Accusations, recriminations, increasingly personal criticism. The first face-to-face debate on television between the two candidates to succeed Boris Johnson was a confrontation of two opposing views of the economic policy that the next Prime Minister of the United Kingdom must implement. The former head of Finance, Rishi Sunak, attacked the intention of her rival, the Foreign Minister, Liz Truss , to immediately lower taxes. “He has promised nearly £40bn of unfunded tax cuts, £40bn of debt. That is the credit card of the country. They are our children and grandchildren and everyone here. those who are going to have to assume the account”. Sunak warned. that the measure would imply a rise in inflation and interest rates, which “would increase mortgages by thousands of pounds and contribute to the misery of millions of people”.< /strong>Truss accused him of of having raised taxes to their highest level in the last 70 years and of leading the country into recession. defended his economic policy, ready, he affirmed, to “take advantage of the opportunities after Brexit” and struck a low blow to his rival by stating that her proposal & ldquo; along the same lines as that of the former Labor Finance Minister Gordon Brown”.
The debate organized and televised live by the BBC, counted with a studio audience comprised solely of conservative affiliates. The place chosen for its celebration was Stoke-on-Trent, in the Midlands region, one of the traditional Labor places that the Conservatives won for the first time in the last election and that they will have to retain if they want to maintain the absolute majority that they achieved with Johnson. Neither of the two candidates scored a hit. a decisive blow to the opponent. A flash survey by the Opinium firm placed his interventions on a par. “Both are the architects of the lack of control in which the country is plunged”, was the verdict of the Labor leader, Keir Starmer .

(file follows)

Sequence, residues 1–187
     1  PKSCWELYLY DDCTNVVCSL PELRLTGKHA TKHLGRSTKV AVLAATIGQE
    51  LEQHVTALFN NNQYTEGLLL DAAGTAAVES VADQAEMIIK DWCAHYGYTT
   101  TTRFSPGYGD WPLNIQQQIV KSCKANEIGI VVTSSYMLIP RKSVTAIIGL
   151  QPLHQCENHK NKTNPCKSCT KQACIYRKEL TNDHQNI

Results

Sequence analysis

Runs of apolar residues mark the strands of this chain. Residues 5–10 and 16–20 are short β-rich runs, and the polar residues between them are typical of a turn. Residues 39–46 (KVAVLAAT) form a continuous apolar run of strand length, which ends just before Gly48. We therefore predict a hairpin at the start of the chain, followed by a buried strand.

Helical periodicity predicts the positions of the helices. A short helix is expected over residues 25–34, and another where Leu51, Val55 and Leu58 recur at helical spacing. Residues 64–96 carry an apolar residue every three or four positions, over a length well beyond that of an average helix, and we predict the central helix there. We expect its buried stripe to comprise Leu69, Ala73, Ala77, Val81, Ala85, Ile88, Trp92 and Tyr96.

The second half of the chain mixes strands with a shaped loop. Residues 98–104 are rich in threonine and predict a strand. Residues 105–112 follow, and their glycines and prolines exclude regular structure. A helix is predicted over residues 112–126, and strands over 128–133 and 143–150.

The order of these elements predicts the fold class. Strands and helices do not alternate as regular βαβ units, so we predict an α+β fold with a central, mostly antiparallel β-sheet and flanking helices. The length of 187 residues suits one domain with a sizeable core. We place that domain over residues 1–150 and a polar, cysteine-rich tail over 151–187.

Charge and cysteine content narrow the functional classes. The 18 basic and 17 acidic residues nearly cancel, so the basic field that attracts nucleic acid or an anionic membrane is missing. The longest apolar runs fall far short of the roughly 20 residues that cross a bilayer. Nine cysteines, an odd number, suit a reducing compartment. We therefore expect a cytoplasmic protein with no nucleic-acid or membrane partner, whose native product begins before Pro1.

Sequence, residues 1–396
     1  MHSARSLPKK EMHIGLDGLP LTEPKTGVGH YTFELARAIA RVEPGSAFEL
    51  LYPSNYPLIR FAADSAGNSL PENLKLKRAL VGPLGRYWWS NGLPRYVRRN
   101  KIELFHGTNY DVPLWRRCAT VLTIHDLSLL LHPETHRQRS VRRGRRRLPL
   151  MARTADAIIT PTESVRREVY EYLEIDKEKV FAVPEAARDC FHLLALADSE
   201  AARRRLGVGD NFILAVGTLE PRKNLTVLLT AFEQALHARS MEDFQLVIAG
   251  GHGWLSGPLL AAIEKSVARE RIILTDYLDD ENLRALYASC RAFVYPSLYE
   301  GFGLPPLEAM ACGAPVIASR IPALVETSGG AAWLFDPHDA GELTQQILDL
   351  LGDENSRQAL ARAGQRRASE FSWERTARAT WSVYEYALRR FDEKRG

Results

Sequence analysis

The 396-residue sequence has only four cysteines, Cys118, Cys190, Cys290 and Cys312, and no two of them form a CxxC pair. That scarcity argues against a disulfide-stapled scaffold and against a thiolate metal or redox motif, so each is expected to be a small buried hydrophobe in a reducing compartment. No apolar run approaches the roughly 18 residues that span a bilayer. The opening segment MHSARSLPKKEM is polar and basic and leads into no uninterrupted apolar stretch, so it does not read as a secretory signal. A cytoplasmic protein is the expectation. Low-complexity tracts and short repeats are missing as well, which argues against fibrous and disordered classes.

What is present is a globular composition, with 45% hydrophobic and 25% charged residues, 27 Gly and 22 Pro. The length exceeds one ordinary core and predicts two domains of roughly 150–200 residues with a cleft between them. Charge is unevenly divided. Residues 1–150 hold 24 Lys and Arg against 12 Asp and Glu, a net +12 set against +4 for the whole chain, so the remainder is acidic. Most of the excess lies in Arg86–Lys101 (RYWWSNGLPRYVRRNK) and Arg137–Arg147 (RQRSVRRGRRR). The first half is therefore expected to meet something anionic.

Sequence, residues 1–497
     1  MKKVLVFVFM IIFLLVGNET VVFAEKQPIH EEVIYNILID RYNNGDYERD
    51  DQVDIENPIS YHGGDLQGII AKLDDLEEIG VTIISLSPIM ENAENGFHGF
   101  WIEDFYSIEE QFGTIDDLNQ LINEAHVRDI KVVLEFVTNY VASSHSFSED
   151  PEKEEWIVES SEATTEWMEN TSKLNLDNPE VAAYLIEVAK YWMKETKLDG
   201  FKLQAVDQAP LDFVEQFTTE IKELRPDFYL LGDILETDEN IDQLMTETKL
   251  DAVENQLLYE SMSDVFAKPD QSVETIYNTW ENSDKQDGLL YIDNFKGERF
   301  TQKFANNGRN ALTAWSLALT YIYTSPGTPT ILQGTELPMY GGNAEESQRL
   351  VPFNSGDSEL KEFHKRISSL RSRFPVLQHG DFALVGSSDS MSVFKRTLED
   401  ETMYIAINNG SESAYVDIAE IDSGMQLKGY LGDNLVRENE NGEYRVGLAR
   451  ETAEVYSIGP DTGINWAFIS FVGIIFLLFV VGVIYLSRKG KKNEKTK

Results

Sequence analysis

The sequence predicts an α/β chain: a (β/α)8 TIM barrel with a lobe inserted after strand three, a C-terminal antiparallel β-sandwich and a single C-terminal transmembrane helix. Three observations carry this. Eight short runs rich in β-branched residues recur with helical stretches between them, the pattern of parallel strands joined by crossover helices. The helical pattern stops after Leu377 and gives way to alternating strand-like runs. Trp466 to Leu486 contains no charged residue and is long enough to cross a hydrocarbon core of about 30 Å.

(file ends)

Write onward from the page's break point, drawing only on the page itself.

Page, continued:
The 4000 euro suit
Apart from the economy, in the confrontation there was talk of He briefly discussed future relations with China, the conflict in Ukraine, and Boris Johnson, whom Truss defended. The mistakes you made “they shouldn't have cost him his job”, he affirmed, a sentiment that harmonizes with that of thousands of furious militants with his departure for which they blame Sunak. The candidate's personal wealth is another argument used against him, as if millionaires now bother conservatives. In the debate, more minutes were devoted to talking about the Sunak clothingthan of climate change. A leading figure in the Truss support team, the current Culture Minister, Nadine Dorries, he reproached him. He campaigned in a €4,000 tailored suit and €500 Prada shoes, compared to the candidate's €5 earrings. There were also reproaches between both contenders about the respective schools in which they had studied in childhood (Sunak's private, Truss's public) and the position of each one during the Brexit campaign ( Truss defended remaining in Europe).
Calls for moderation in what has come to be known as the “blue vs. blue” (“blue-on-blue”) have been in vain. So much is the disdain and resentment that reconciling and integrating the two sides of the party into a future government may be impossible.
Very small percentage
Truss starts as the outstanding favorite in the polls and Sunak a more forceful tone in his interventions, repeatedly interrupting his rival, aware of the urgency of gaining ground. In a few days, between 160,000 and 200,000 members of the Conservative Party will begin voting by mail. That tiny percentage of citizens, in a country of 67 million inhabitants, will decide the next prime minister.